The Real Reason Many Retirees Are Choosing to Live in RVs Isn’t What You Think

Easing into retirement and enjoying the golden years doesn’t come easily for everyone. While many retirees are able to make ends meet on a fixed income and avoid a major lifestyle change, others are simply not prepared. And despite the keen awareness of the inevitability of aging, much of the graying American population is left scrounging for minimum wage work to supplement Social Security checks each month.

In many cases, the ill-prepared baby-boomers are able to nest with family members. However, in other cases, they are left to fend for themselves. Unbeknownst to many Americans, the geriatric camp hosts and nomadic RV dwellers you see living a lifestyle of freedom may just be trying to make ends meet. Here are the real reasons why some retirees are living out of RVs. 

1. Living out of an RV is all they can afford on Social Security

man holding social security card in his hand

Social Security doesn’t pay enough for some retirees to live on. | KenTannenbaum/iStock/Getty Images

At the age of 62, the average Social Security benefits equal a little over $12,000 per year. By the time a retiree reaches 70 that amount will have increased to an average of about $15,000 per year. However, for Linda May of Arizona, her Social Security benefits each month were only $499, according to an article in Harper’s. As May struggled to make ends meet, she opted for RV dwelling.

NextThe lingering effects of the Great Recession

2. They lost everything during The Great Recession

frowning piggy bank

The Great Recession wiped out some people’s retirement savings. | iStock/Getty Images

When The Great Recession of the late 2000s ensued, it was the baby boomers who absorbed the bulk of its fury. And the reasons why are clear. Individuals in their late 50s and early 60s who had rightfully prepared for their golden years, suddenly watched their retirement savings and the values of their homes fall out from underneath them. Furthermore, those nearing retirements were caring for their elders while simultaneously striving to get their young-adult kiddos off the teat.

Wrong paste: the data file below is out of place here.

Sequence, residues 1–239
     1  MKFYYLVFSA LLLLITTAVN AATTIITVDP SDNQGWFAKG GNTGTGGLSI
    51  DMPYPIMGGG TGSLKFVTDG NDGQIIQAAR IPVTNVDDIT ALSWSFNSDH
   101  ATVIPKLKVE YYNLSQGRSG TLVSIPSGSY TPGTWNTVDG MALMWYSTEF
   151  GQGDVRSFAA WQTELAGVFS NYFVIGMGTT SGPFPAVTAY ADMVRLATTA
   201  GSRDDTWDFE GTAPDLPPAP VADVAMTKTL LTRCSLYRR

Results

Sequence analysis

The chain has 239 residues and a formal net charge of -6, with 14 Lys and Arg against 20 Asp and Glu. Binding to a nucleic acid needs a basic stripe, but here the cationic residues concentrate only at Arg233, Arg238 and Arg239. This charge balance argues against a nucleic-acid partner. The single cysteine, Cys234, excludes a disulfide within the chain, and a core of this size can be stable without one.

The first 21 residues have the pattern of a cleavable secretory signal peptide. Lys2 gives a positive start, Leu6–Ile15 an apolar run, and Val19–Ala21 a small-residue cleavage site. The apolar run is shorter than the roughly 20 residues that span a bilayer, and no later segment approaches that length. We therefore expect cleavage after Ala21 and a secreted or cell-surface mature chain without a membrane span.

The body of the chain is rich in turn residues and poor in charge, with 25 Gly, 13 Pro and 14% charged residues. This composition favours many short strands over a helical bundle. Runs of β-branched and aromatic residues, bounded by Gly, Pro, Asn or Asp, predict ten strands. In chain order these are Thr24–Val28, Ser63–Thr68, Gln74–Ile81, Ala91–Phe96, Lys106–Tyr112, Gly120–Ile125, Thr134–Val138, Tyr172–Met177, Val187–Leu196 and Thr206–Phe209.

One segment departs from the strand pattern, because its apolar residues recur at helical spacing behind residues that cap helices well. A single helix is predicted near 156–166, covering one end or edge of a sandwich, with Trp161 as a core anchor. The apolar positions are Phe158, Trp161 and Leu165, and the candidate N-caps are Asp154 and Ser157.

NextFinding full-time work is tough.

3. Real full-time work is hard to find

job seekers

Some older workers have struggled to find new full-time jobs. | John Moore/Getty Images

The unfortunate reality for many older workers is that they aren’t considered a lucrative or favorable hire. And even though age discrimination is illegal, the above 55-year-olds can’t seem to get their feet back in the door post-recession. Furthermore, while the overall unemployment rate is expected to hover around 4% in 2018, the 55-64 year-olds unemployment rate is much higher at 12 percent. This poorly dealt hand has a lot of the older population folding.

Next: Turning to Amazon for help

4. Amazon’s Camperforce provides a place to park and work

amazon boxes

Some RV-dwelling retirees get temporary jobs in Amazon’s warehouses. | Kevork Djansezian, Getty Images

Many retirees who have opted out of homeownership in exchange for lower living costs in RVs are taking advantage of Amazon’s Camperforce work opportunities. Workampers, as they are called, take temporary jobs at Amazon’s fulfillment centers across the country. In return, Workampers receive a free place to park their RVs, an hourly pay around $11, plus overtime pay. Workampers work the Amazon temporary job circuit, traveling across the country to fulfill orders for high-demand times around the holidays.

Next: Making ends meet with seasonal work 

5. Seasonal work around the country helps to make ends meet

RV trailer in the badlands